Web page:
Is Making Friends Harder These Days?

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A woman writes that she seems to have lost the knack for making friends and is feeling isolated in the world. After reading about her lack of friends, I began to wonder. Might the growing advancement in technology be affecting the way we interrelate and form relationships? If we were to look closely, it's not difficult to imagine people feeling less connected to the world, even those of us who do embrace technology.

Numerous letters have come in from women saying they are having a difficult time making and or keeping friends. People used to rely on one another more when they were out in the world, didn't they? They would ask for directions, start up casual conversation, speak freely to random strangers...that was the norm. And in turn, they felt a sense of connection, and the possibility of getting to know someone. All of us seemed a bit more connected out in the world a decade ago than we do now. We spoke up in lines, looked people in the eye, and carried on conversations. Good, bad or indifferent, it's true.

Whether we realize it or not, it appears some of the standard life behavior we've known for decades has begun to fade. A sense of community, you know, the comfort and familiarity of the life around us feels less, as we create a more insular kind of life. It's standard operating procedure these days to be able to shop, chat with friends on FaceBook, watch a movie, peruse a bookstore, buy a book, read it, order meals, …all from the comfort of our own home, where some of us are alone.

What can one do to nurture and find friendship in today's ever-changing world? First, I'm going to say if indeed you are feeling less adept at making friends, and keeping them, you are not alone. There are hundreds of people writing and claiming the exact same situation.

In fact, another woman who wrote in explained that after a long bout of denial she was ready to be honest and ask for help. She finds herself incapable of making and maintaining friendships, and is lonely and feeling depressed. She signed her letter, "Miss Interpreted". Another woman, same predicament, signed, "I guess I talk too much." And another: "No one's friend."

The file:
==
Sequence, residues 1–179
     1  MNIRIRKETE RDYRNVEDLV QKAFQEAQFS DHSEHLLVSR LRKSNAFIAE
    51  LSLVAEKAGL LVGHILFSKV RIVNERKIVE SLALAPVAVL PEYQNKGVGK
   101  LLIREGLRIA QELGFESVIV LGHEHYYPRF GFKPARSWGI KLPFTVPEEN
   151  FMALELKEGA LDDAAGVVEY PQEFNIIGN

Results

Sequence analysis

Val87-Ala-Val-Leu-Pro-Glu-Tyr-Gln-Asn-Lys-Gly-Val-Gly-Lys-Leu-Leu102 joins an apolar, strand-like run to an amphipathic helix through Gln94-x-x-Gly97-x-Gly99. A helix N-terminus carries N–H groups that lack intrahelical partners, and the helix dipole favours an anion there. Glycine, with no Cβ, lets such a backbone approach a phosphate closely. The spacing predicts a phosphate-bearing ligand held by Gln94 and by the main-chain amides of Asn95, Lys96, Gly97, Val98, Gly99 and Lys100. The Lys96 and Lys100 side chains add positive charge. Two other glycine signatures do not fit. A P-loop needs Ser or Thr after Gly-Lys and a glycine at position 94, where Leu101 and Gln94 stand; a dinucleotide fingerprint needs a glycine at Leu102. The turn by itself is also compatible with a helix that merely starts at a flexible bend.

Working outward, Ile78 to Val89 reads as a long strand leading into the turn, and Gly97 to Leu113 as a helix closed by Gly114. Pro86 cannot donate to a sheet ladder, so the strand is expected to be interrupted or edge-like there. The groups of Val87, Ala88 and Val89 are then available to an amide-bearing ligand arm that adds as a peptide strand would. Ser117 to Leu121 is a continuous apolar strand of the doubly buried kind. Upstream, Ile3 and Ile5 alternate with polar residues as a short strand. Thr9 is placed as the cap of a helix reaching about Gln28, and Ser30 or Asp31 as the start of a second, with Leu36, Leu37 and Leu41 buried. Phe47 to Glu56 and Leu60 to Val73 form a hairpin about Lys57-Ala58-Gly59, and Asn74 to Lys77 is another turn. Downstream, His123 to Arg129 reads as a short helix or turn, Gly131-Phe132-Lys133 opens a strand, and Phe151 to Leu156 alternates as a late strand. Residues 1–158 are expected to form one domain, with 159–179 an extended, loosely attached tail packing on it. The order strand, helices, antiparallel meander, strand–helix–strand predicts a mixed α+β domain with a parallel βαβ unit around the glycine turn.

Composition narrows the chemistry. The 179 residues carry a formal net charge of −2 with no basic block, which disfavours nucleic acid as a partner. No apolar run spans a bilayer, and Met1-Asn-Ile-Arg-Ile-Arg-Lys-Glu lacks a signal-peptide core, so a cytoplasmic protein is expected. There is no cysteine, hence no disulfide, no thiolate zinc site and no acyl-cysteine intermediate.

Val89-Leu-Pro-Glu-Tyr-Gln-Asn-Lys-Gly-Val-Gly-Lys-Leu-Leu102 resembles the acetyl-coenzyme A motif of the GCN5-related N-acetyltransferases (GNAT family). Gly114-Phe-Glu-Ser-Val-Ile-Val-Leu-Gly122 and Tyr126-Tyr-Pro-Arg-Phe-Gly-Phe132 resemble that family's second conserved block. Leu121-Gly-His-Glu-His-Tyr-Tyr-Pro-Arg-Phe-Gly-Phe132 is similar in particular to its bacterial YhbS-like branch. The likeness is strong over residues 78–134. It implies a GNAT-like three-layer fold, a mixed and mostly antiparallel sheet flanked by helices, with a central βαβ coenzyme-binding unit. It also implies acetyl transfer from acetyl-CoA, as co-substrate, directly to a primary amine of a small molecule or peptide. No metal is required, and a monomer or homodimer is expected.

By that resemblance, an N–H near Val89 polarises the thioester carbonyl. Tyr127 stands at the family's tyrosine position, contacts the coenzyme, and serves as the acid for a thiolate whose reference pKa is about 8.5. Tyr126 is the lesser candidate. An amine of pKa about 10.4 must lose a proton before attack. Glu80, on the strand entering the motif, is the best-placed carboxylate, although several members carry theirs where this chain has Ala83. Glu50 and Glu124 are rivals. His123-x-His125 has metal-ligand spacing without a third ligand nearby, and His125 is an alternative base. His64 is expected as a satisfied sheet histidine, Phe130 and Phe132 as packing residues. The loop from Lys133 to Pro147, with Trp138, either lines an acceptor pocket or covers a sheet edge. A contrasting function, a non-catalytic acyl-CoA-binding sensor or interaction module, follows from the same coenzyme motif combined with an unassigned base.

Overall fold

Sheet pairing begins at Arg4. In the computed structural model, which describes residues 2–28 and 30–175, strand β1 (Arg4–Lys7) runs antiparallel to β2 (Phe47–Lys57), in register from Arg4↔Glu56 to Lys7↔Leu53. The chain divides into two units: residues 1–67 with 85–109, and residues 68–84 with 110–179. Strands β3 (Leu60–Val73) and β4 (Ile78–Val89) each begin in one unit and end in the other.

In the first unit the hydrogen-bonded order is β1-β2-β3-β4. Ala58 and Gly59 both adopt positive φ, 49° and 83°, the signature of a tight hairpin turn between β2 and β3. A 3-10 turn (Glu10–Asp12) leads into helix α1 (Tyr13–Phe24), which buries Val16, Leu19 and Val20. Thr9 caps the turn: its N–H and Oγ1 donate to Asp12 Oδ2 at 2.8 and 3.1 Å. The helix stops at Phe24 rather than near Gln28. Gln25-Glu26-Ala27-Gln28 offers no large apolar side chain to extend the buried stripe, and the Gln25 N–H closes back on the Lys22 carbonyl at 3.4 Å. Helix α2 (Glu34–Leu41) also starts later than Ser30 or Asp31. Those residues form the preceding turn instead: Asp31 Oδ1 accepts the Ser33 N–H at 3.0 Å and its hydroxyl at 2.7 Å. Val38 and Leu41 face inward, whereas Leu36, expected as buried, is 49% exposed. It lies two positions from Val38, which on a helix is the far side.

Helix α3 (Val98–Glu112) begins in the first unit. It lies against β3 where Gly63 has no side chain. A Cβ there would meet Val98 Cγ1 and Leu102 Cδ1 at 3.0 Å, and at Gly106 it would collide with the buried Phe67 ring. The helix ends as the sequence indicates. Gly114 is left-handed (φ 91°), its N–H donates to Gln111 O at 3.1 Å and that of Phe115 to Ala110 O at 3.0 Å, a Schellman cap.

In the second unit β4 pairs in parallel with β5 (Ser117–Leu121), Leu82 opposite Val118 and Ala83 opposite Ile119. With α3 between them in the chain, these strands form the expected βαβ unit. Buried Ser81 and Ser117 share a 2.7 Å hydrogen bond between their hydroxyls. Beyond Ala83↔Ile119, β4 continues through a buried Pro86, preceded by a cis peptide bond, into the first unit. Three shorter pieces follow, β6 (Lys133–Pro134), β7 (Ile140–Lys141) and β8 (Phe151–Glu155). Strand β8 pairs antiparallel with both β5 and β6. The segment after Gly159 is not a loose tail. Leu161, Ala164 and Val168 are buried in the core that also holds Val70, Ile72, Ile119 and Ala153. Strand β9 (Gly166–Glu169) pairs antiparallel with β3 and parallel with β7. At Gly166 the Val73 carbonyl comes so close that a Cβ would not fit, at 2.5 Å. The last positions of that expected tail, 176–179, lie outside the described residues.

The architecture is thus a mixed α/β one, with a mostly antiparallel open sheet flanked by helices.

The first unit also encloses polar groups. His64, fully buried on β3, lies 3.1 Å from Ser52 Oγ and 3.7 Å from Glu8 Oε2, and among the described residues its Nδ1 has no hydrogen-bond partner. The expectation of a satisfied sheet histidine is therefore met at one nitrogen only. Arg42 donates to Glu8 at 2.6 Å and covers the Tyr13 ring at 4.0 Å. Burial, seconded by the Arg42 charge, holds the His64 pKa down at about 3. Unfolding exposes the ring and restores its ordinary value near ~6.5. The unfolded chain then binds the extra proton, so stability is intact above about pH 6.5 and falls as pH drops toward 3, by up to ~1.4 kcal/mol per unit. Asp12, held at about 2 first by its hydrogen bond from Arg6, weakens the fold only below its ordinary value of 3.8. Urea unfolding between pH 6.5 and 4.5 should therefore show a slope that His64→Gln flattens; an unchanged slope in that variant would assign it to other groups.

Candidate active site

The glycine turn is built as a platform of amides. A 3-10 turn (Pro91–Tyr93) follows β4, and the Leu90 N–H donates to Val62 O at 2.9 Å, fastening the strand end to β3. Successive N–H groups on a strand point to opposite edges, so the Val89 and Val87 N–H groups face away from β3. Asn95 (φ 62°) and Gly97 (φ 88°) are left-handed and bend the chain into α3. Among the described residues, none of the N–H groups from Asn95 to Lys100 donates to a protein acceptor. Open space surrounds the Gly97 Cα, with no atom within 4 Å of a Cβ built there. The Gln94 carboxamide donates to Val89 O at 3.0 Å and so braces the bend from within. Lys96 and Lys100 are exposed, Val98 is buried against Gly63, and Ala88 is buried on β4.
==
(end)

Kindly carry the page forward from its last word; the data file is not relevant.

Here is what I say: I love it that people are speaking up and making an effort. We have the power to do this, make a change in ourselves, or our lives and go for what we want, especially when it comes to human relationships. If you really want something you have to figure out what you can do to get it. If you aren't dialed in to the computer world and want to be, ask around, take a class and get on it. If you don't want to, don't. But look at yourself and try to see what it is you might need to do, to step up and find friendship. The greatest tip that I can give is to tell you to keep yourself out there and open to people in the world. Talk to people. Ask questions, make yourself available to bring something into your world.

If indeed you feel the need to work on your social skills, do it. If you need to come out of your shell and show more of yourself, do it! If you need to learn to listen, and stop talking so much, do that! If you simply need to make more of an effort to engage in your community, which is the life around you, do it! You have the motivation now, find the courage and the wisdom and go out there and make an effort to find a friend.

No one, I don't care who you are, can turn down the connection that happens when two women decide they like each other. You could be the vice president of the country...when you meet a woman with whom you click, a tribal member of whatever tribe you feel you belong, a person who gets what you're saying before you even say it, that is the experience we all crave. Why? Because those are the connections that define the quality of our lives.

Stick with the old stuff -- it works. Notice her cart has the same food as yours at the grocery store. Comment on her car in the carpool line. Tell her what you think of her hair after church. Find a way to open up and talk to people, show them who you are.

Try to remember to keep your expectations realistic. "Sex and the City" is not reality; it's a TV show and a movie.

Friendship doesn't have to come in groups or packs, if you can count the real friends you have on half the fingers of one hand, as my mom used to say, that is a true blessing.

Most importantly, believe in who you are, and who you can be as a friend. Yes you. You have to believe it before anyone else will. Like almost everything in life that is good, it'll take some work. It might take stepping out of your comfort zone and speaking up, but feel free to remind the world around you a little about how we used to do it.